Most organizations understand the importance of keeping critical data safe from both manual and natural disasters. It is surprising, however, to hear just how many companies are not prepared for the day their system goes down and data is lost. And yes, the day will come that data is lost, usually due to a manual user error. Beyond the compromised data, the loss of productivity can immobilize an entire business for hours or even days. Even with the best-laid plans, disaster can strike. Those who are prepared suffer the least.
The current backup and disaster recovery environment is leaning toward solutions that offer integrated and simplified next-generation approaches. These include faster recovery times, easier rebuilds, hardware-independent recovery, bootable backups and bare-metal restore. Successful solutions will require integration with legacy and current data, scale to handle big data, span virtualized and cloud environments, and implement automation while integrating the functions of backup protection and disaster recovery. As priority grows for these solutions, so should IT budgets.
The current landscape for data backup and disaster recovery is seeing rapid evolution. Its progression leaves many IT professionals pondering what solutions will stand up to today’s environment while also adapting to meet next-generation challenges. In a recent study, a stunning 81 percent of companies admit to not having a regularly tested disaster recovery plan for their business. In an age where a business’s livelihood can depend on its data, one would think that the ability to get critical data systems up and running quickly (should they fail) would be a much higher priority. At a minimum, data failure threatens the overall well-being of a business and its ability to operate efficiently.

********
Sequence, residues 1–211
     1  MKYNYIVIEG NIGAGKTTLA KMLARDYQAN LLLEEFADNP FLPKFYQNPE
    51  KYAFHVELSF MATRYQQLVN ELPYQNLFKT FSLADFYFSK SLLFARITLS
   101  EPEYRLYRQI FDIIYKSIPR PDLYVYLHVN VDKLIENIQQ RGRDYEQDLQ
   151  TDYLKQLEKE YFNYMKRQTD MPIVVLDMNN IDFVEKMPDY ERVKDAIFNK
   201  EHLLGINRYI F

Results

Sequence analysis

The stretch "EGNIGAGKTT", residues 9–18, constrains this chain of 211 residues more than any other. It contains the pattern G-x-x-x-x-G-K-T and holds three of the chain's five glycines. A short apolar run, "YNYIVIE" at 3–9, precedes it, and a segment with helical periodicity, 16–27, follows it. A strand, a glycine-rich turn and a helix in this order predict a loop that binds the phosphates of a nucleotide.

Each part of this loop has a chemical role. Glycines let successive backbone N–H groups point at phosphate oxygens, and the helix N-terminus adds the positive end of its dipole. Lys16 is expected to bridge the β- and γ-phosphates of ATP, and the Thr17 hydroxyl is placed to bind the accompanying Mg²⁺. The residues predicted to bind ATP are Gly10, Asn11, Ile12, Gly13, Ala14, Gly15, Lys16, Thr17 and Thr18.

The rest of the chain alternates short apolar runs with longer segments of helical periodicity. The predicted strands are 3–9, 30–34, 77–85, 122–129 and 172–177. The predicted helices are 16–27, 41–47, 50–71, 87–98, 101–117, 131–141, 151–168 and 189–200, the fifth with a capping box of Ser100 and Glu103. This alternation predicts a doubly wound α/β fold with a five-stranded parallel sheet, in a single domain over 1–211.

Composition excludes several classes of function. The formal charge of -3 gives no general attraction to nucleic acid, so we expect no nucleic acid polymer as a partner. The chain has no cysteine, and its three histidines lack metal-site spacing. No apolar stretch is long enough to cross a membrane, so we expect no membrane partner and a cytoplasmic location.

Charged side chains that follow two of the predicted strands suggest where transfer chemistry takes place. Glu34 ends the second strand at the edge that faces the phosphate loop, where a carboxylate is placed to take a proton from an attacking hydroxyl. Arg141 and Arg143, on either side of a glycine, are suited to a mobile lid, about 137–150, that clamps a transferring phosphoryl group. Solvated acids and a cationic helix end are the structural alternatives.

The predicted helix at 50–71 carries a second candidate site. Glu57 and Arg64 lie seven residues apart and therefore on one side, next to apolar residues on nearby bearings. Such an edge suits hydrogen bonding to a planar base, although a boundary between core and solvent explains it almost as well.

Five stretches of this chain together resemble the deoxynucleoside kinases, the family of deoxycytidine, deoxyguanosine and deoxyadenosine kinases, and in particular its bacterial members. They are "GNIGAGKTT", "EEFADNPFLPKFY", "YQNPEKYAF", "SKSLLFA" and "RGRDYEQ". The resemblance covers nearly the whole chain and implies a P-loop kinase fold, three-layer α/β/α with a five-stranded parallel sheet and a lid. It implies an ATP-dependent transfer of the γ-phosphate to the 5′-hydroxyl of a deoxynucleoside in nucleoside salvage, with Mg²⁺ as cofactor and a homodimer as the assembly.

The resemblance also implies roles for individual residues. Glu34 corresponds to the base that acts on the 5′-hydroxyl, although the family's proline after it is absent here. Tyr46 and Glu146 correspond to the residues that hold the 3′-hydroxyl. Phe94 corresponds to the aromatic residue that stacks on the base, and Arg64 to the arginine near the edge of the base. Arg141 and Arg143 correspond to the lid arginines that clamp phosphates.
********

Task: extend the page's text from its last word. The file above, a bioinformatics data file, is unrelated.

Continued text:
Yet still a small proportion of IT capital and operating costs are assigned to disaster recovery or business continuity. A higher proportion of budgets goes to the more “sexy” IT strategies such as virtualization, business intelligence, consolidation, hardware, software and cloud computing. Disaster recovery spending as a percentage of total IT budget has remained relatively flat and in the background of IT’s growing needs.
Businesses of every size should implement a regularly tested disaster recovery plan for their entire business infrastructure. The plan should include consideration for all servers and workstations despite their nature, a method for automatically replicating data offsite, a solution to provide robust backup status metrics, monitoring and failsafe alert notifications.
Many companies I have seen rely solely on onsite backup storage despite the fact that any disaster that threatens the business is also likely to affect the ability to access on-site data backups. Others rely on manual disaster recovery processes. Administrators must be mindful that a backup plan is only as good as their ability to retrieve and restore data. And a plan that only includes storage of backup data at the same location as the originating data could prove to be nothing less than a very bad plan. Some administrators delay the decision to send data offsite owing to concerns about security. Yet today the security of offsite data has been proven to be exceptionally sound, and the risk to a business that does not have offsite replication has only been further demonstrated and proven with recent data-loss issues. Delaying the decision to automatically replicate offsite is also a decision to risk the future of the business.